This is significant, because most offshore wind installations are fixed and anchored at depths of around 50-60 metres. New floating wind technology offers a way around this technical barrier.
Spain's National Energy and Climate Plan 2021-2030 (PNIEC) contemplates using competitive tendering procedures to enable the deployment of offshore wind farms through support mechanisms.
According to information provided by the Ministry of Ecological Transition and Demographic Challenge (MITECO), the government is planning regulations to govern tenders for the use of marine areas (beyond experimental installations) for floating wind.
The new regime envisages offshore projects being developed under the form of concessions, with a maximum term of 75 years.
The new tendering procedures will need to respect floating wind projects already submitted by different entities and currently undergoing environmental impact assessment procedures, such as those offshore of the Canary Islands and Galicia.
Spain's Royal Decree 1028/2007 currently governs offshore wind authorisations and distributes the competences between MITECO and the Port Authorities, depending of the location of the project or reserve area.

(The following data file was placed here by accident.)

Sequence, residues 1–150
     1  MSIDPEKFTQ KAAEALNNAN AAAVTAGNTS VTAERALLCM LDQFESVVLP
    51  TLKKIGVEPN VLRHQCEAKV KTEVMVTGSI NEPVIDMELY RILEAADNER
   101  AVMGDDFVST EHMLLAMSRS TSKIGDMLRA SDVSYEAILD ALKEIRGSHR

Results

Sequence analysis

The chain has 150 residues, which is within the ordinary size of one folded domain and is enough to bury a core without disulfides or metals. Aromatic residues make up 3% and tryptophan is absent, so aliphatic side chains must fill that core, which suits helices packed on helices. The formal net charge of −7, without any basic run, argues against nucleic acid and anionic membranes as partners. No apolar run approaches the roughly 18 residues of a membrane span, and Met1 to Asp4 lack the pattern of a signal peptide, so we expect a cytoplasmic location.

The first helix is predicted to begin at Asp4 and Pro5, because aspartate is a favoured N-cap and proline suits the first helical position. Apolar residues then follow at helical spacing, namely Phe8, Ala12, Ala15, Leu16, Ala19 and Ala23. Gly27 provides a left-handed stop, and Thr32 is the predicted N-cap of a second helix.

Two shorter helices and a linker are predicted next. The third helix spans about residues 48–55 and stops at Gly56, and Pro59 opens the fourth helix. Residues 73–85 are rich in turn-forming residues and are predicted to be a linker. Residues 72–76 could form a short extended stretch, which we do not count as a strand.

Although the possibility of amendment cannot be discarded, Royal Decree 1028/2007 presently provides the following criteria, among others, to be considered in tendering procedures for granting project areas:
Sufficient legal, technical and economic capacity of the promoter
The tender price submitted
Forecast equivalent hours of operation of the facility based on available data
Technology and its impact on the stability of the electricity system
Economic, environmental and social impact associated with the project
Power capacity of each project
Impact on the safety of navigation, shipping routes and the safeguarding of human life at sea
Other criteria which, given the specific area where the project is to be located, are to be published in the notice announcing the opening of the tendering procedure
The POEM will identify and analyse areas where implementation of installations in maritime districts could potentially increase the energy contribution, as well as the possible compatibilities or interactions with other both present and future uses or occupations.
This article was authored by Ramón Vázquez del Rey Villanueva, regulatory partner at Fieldfisher JAUSAS.
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